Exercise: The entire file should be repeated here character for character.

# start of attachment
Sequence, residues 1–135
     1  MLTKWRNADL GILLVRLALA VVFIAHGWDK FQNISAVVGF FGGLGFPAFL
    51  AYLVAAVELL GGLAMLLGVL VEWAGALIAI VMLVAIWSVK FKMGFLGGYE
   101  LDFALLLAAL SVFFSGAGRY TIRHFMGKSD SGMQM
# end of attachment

Sequence, residues 1–135
     1  MLTKWRNADL GILLVRLALA VVFIAHGWDK FQNISAVVGF FGGLGFPAFL
    51  AYLVAAVELL GGLAMLLGVL VEWAGALIAI VMLVAIWSVK FKMGFLGGYE
   101  LDFALLLAAL SVFFSGAGRY TIRHFMGKSD SGMQM